Expertly rendered illustrations of fast, flashy, and powerful sports cars, among them the 1962 Ford Thunderbird, 1964 Corvette Stingray, 1968 Chevy Impala SS427, 1969 Camaro Z-28, 1970 Ford Torino Fastback, 1971 Mustang Boss 351, 1974 Firebird Trans-Am, and 37 others. For coloring book enthusiasts and “muscle car” fans.
David Rickman - Northwest Coast Indians
Museum curator and noted illustrator recaptures the rich, lost culture of Northwest Coast Indians in 33 meticulously-researched, ready-to-color line drawings. Depicts traditional lifestyles, costumes of the Nootka, Chinook, Kwakiutl, and other tribes from late 18th- to early 20th centuries. Full captions. Introduction. 4 illustrations in color on covers.
Deborah Meyler - The Bookstore
Idealistic and ardent, Esme Garland has arrived in Manhattan with a scholarship to study art history at Columbia University. When she falls in love with New York blue-blood Mitchell van Leuven, with his penchant for all things erotic, life seems to be clear sailing, until a thin blue line signals stormy times ahead. Before she has a chance to tell Mitchell about her pregnancy, he abruptly declares their sex life is not nearly transgressive enough, and ends it all. Stubbornly determined to master everything from Degas to diapers, Esme starts work at a small West Side bookstore to make ends meet. The Owl is a shabby all-day, all-night haven for a colorful crew of characters, such as handsome and taciturn guitar player Luke and George, the owner, who lives on spirulina shakes and idealism. The Owl becomes a nexus of good in a difficult world for Esme—but will it be enough to sustain her when Mitchell, glittering with charm and danger, comes back on the scene? _The Bookstore_ is a celebration of books, of the shops where they are sold, and of the people who work, read, and live in them. The Bookstore is also a story about emotional discovery, the complex choices we all face, and the accidental inspirations that make a life worth the reading.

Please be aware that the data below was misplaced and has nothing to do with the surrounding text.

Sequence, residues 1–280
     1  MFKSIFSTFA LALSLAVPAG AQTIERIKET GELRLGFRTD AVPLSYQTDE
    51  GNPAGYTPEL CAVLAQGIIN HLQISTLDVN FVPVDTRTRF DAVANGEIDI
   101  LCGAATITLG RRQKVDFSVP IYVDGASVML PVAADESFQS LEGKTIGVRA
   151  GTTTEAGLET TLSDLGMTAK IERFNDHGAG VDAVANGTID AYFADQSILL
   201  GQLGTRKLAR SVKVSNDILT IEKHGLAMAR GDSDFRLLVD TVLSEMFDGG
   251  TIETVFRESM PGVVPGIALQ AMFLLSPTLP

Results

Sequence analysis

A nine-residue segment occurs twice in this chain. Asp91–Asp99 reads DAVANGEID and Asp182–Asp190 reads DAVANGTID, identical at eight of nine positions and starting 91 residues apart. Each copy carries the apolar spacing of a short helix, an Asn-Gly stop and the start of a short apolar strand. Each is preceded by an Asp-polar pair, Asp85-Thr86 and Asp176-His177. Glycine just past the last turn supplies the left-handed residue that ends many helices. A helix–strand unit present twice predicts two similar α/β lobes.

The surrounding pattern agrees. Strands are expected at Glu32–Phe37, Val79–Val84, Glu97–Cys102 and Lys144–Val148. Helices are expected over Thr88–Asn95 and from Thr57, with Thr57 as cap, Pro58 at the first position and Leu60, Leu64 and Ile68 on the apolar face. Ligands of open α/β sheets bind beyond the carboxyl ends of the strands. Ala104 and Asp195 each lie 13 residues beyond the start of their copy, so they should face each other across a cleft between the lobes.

Anne Tyler - The Accidental Tourist (Oxford Bookworms)
Everyday life in Baltimore, USA, is full of little problems getting the washing done, buying groceries and dog food, avoiding the neighbours ...After the death of his son and the departure of his wife, Macon's attempts to run his own life become increasingly odd and more and more comical. Meanwhile, he has to get on with his work, writing tourist guides. Then his dog Edward starts to bite people, and he has to send for Muriel, the dog trainer. And day by day, Macon's life gets more and more complicated
Bill Bryson - Notes from a Big Country
Bill Bryson has the rare knack of being out of his depth wherever he goes-even ( perhaps especially ) in the land of his birth. This became all too apparent when, after nearly two decades in England, the world's best-loved travel writer upped sticks with Mrs. Bryson, little Jimmy et al. and returned to live in the country he had left as a youth. Of course there were things Bryson missed about Blightly but any sense of loss was countered by the joy of rediscovering some of the forgotten treasures of his childhood: the glories of a New England autumn; the pleasingly comical sight of oneself in shorts; and motel rooms where you can generally count on being awakened in the night by a piercing shriek and the sound of a female voice pleading, 'Put the gun down, Vinnie, I'll do anything you say.' Whether discussing the dazzling efficiency of the garbage disposal unit, the exoticism of having your groceries bagged for you, the jaw-slackening direness of American TV or the smug pleasure of being able to eat your beef without having to wonder if when you rise from the table you will walk sideways into the wall, Bill Bryson brings his inimitable brand of bemused wit to bear on that strangest of phenomena-the American way of life.